As a formal test of the morality of politics, Kant suggests the formula of publicity: any notion of right that cannot be made public is unjust. In international right, for instance, the notion of a preemptive military strike must be deemed unjust: one could never publicly announce a plan to launch a surprise attack on another country, because to do so would negate the act itself. Kant, once again, thinks that immoral actions are ultimately self-contradictory and self-defeating, because those who commit them act according to rules that they could not accept being followed by others: for Kant, it is thieves who pay the greatest respect to the sanctity of private property, just as conquerors assume most people are peaceful and usurpers demand respect for the law. Morality is the ability to follow rules, the validity of which is verified by their publicity.





Carl von Clausewitz,  Vom Kriege (written between 1816 and 1830, published in 1830)


Clausewitz does not, like Kant, see himself as a philosopher of war: he is not concerned with the role of war in nature's plan, or the conditions of possibility of peace. His point of departure is that war exists. Its meaning and purpose lend itself to reflection.

Clausewitz belongs to the Machiavellian tradition in political thought: he is not concerned with "right", i.e. with the "ideal" or "natural" political order, but with the question of how rulers can best achieve their ends.

It is essential, in this context, that war is never for Clausewitz anything but a means for achieving an end. War is not an end in itself. This is the primary meaning of Clausewitz's most famous assertion. Rejecting the assumption that "war is to be equated with the end of political relations and that with it, an absolutely new state of affairs is established", he affirms "to the contrary" that "war is nothing other than the continuation of political relations through the intervention of other means." "Other means" signifies that political relations do not end with war, that they are not transformed by it into something completely different, and that the course of a war must never be anything other than the imprints of politics. Practically, this means that generals and field commanders must never be given free rein, and must always remain subordinate to the goals defined by the cabinet and its ministers.

As a means, war is thus necessarily subject to an end, which is always political. The military leader is always, in this regard, a specialist or a technician; political leaders alone operate on the level of generality. One might imagine, Clausewitz says, war as having its own "grammar", but not its own "logic".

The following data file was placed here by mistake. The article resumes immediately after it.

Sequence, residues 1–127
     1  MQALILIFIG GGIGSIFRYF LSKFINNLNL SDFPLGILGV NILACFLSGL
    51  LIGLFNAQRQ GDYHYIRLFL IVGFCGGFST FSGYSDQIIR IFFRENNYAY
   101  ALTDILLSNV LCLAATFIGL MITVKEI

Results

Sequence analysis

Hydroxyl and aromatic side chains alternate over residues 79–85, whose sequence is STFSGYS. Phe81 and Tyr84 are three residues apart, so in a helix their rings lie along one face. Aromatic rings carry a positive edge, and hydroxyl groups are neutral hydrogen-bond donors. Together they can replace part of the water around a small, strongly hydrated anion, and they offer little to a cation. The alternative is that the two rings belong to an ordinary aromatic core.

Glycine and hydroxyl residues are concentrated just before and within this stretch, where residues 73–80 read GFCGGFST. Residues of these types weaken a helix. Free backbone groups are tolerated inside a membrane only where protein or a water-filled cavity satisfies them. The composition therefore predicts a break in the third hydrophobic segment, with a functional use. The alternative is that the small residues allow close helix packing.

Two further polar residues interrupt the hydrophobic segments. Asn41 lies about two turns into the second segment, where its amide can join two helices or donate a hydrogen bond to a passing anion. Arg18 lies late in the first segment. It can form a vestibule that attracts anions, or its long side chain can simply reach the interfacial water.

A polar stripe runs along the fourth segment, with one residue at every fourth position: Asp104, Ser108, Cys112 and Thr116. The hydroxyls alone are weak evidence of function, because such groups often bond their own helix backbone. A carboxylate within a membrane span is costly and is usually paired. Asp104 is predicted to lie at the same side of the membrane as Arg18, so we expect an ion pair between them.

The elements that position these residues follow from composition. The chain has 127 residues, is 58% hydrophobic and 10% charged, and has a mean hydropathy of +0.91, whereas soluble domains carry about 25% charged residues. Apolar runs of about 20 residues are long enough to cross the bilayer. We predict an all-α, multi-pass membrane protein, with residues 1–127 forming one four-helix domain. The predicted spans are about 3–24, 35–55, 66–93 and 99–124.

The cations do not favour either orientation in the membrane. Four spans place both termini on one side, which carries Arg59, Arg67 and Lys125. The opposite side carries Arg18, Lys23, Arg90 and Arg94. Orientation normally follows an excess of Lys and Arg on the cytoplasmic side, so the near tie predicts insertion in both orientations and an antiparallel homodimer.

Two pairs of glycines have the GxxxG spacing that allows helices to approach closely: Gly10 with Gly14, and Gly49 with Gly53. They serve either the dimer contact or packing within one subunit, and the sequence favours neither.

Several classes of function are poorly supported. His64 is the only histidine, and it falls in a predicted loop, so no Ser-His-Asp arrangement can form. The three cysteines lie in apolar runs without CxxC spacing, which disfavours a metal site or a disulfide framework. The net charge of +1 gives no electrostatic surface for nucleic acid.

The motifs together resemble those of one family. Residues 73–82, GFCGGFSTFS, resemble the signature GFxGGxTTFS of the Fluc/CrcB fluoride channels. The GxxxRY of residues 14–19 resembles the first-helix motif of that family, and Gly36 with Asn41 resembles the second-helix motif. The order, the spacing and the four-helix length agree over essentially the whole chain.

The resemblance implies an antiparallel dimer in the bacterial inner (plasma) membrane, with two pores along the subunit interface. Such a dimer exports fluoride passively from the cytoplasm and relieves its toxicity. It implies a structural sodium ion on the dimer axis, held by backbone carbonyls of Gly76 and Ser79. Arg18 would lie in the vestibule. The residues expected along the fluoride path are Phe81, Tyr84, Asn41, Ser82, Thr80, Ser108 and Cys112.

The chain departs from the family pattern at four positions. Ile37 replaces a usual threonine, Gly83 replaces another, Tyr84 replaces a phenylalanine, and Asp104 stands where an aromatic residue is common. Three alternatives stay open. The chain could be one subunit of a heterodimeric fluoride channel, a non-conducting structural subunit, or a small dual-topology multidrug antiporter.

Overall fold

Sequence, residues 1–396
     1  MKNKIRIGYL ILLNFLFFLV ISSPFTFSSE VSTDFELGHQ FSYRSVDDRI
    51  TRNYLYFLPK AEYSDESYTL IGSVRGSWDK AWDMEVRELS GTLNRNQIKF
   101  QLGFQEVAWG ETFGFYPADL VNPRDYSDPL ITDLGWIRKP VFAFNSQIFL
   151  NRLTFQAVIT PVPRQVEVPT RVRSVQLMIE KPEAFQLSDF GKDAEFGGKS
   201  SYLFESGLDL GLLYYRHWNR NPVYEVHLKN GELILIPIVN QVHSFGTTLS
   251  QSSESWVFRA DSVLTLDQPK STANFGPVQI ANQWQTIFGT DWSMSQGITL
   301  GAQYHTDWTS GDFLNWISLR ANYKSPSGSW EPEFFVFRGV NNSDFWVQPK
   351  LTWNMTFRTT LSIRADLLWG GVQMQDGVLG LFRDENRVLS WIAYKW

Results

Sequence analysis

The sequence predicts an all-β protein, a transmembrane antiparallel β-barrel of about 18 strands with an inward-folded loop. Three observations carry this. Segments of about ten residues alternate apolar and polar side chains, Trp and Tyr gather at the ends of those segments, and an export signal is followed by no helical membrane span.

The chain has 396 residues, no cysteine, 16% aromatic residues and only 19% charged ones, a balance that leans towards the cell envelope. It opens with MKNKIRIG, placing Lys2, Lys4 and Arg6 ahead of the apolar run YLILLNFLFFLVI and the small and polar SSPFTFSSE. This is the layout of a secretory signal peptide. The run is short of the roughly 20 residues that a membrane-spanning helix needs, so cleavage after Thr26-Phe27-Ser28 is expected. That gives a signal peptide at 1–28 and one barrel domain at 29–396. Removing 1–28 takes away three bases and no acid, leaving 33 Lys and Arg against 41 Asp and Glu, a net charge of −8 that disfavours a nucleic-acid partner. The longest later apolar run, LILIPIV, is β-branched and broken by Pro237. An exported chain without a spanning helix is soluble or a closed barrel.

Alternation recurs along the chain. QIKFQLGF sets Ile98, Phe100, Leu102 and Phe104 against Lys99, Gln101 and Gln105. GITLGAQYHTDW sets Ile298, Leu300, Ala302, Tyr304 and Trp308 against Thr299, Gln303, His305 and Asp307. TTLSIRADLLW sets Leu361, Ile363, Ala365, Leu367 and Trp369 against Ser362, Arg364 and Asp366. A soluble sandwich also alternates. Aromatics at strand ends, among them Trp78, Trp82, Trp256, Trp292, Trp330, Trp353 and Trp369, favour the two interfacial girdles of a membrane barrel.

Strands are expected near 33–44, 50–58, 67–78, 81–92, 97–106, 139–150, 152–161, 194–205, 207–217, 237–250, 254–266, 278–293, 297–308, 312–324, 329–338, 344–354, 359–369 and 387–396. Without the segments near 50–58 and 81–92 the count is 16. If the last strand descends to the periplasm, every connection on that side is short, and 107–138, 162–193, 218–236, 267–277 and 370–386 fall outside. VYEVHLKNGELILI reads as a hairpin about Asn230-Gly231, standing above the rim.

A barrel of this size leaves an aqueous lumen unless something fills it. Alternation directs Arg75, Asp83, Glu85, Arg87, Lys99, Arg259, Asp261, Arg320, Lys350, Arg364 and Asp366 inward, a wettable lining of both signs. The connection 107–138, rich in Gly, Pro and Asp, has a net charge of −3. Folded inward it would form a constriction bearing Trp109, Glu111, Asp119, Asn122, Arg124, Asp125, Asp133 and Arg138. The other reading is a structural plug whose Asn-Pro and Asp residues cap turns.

To the extent that it is a means, war can never be perpetuated for its own sake: its end is always to bring a return to the state of peace. The concept of "victory" (Sieg) belongs only to a tactical vocabulary, to military "grammar". Victory, in other words, is relative only to the accomplishment of military goals, which themselves are only means to a larger end. Victory is never a political goal: the only political goal of a war is a return to a state of peace.

Peace, as Clausewitz understands it, means the balance of power. Peace is best guaranteed by the coexistence of states with comparable power, and not by the existence of a single political entity to which all are subordinated. Indeed, it is the attempt to achieve the latter - which Clausewitz calls "empire" - which leads to instability and war, as Napoleon's efforts to conquer Europe confirmed.

According to Raymond Aron, Clausewitz's basic insight was that the state cannot exist solely for the sake of perpetuating war. However, this statement itself was an ideal, assuming that the purpose of the state was to define the interests of society in its totality. In the 20th century, Aron argues, the implicit synthesis of Clausewitz's insight becomes unravelled: Generals like Ludendorff and political leaders like Hitler argued that the state could not not put itself in the service of war (i.e., they made war an end in itself), while revolutionaries like Lenin and Mao rejected the notion that the state could ever represent society in its totality (thus making possible the inversion of Clausewitz's formula - "Politics is the pursuit of war, but by other means" - and its application to class struggle).[6]